Despite the inconvenience of having to campaign nationwide once again – and being away from her twins – Mar García Puig’s enthusiasm for her new career is undiminished. “In Spain there is a window of opportunity,” she said. “There is a receptiveness to politics that there wasn’t before.”

When the repeat elections were called, some questioned whether Podemos and its regional allies could mobilise its supporters to the same extent as in December. Yet Puig believes that the party’s appeal has grown further in the six months that the country has been without a government. “We are still new and Podemos has this freshness – it can still make people join,” she told me.

The following day, as the church bells rang at noon in the Basque city of Bilbao, crowds gathered for another rally. For protection against the sun, Podemos supporters had covered their heads with purple triangular paper hats displaying the party name as it will appear on the ballot paper: Unidos Podemos, or “United We Can”.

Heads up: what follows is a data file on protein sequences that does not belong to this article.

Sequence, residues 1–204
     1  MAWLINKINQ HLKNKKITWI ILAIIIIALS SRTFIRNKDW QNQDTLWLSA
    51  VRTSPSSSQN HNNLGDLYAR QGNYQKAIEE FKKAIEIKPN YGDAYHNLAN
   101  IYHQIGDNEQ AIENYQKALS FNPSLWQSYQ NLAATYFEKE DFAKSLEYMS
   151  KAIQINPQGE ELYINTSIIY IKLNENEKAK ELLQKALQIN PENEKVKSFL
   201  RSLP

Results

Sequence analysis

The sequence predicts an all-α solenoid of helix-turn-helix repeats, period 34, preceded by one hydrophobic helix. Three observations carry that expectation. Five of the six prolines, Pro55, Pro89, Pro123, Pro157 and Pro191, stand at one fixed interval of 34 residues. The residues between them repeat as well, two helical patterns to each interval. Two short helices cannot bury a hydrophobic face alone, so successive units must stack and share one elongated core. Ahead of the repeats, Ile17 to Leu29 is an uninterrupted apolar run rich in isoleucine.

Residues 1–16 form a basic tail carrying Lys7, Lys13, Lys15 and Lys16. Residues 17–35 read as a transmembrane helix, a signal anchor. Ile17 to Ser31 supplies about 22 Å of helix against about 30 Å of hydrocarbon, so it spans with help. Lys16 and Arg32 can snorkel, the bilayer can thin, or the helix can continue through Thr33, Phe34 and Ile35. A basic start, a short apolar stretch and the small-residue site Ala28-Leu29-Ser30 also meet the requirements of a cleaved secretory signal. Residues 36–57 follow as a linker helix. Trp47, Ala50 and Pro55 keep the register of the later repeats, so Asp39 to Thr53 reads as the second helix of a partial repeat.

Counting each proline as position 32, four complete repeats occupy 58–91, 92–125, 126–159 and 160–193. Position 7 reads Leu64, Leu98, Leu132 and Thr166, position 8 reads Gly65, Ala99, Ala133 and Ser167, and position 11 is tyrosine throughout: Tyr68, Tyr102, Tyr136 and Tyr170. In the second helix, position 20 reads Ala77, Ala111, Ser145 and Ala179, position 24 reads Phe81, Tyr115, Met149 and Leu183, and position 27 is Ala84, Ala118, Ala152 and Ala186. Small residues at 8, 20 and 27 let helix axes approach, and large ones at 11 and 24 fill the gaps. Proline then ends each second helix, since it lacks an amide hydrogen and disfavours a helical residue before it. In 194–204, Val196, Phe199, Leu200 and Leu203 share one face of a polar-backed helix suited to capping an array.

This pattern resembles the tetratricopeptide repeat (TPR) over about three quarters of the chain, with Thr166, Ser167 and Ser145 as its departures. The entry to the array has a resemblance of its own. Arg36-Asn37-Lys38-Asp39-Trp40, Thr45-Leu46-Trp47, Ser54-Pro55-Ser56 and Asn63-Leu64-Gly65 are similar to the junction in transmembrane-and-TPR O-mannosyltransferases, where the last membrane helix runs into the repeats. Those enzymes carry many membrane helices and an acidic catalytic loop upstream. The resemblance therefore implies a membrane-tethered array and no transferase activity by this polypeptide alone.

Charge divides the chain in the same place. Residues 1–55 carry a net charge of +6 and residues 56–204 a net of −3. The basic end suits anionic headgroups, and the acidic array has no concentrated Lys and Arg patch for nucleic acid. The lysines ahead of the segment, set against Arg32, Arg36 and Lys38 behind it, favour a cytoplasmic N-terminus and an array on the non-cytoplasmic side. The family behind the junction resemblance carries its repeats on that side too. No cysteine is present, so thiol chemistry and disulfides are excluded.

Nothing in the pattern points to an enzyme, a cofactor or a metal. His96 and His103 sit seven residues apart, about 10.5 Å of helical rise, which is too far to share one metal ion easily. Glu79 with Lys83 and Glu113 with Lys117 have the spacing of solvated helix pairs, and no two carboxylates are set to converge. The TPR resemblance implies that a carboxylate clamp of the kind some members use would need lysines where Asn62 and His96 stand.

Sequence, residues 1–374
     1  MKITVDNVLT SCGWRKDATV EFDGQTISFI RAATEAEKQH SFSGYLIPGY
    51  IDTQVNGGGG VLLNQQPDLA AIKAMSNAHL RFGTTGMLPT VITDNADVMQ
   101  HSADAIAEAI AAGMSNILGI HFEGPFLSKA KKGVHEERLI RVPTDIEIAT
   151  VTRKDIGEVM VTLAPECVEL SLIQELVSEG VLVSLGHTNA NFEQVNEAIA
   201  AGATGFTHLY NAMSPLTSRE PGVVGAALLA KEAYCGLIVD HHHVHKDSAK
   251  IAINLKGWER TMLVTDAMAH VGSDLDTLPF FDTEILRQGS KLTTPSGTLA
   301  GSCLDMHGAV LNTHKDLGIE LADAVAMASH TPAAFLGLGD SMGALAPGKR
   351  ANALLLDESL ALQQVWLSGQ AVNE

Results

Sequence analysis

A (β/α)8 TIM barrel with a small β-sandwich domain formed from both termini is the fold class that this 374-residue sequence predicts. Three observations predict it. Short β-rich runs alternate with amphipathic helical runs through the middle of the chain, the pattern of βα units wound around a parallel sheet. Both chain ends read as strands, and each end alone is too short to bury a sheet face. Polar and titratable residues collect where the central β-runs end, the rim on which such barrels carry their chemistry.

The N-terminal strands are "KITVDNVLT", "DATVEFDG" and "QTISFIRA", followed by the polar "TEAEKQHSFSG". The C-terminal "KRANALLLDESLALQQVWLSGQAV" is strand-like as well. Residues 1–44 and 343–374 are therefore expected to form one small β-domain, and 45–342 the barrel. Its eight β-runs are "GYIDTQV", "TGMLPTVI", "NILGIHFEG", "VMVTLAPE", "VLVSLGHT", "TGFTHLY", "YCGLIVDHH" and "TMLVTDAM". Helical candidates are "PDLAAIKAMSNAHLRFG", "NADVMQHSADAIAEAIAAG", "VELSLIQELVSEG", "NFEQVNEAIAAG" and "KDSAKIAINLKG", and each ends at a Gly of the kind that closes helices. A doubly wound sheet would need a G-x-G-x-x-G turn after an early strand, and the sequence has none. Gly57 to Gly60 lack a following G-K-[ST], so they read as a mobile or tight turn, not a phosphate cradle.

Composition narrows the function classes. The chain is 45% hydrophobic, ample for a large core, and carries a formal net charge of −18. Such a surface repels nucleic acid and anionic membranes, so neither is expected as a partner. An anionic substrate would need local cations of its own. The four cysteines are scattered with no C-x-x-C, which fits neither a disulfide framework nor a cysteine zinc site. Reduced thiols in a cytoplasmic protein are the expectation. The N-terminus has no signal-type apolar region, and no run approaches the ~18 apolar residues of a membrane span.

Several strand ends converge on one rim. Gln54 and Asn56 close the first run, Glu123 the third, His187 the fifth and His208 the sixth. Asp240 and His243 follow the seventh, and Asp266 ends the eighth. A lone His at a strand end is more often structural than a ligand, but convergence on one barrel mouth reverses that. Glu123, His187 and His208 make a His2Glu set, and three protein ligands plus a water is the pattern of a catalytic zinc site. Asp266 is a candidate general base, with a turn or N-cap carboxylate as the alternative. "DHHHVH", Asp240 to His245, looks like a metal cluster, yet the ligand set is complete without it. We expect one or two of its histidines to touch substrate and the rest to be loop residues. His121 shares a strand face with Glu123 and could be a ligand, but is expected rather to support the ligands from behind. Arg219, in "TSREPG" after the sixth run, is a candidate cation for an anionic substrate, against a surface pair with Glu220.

In May, Podemos entered into an alliance with Izquierda Unida (United Left), the radical left-wing party that includes the Communist Party of Spain, and which won 3 per cent of the vote in December. Izquierda Unida is headed by Alberto Garzón, a 30-year-old Marxist economist who, according to a poll by the state-run CIS research institute, is the most highly rated party leader in Spain. Unlike Podemos’s Iglesias, who can fire up a crowd and is seen by some as divisive, Garzón is a calm and articulate politician who appeals to disaffected voters.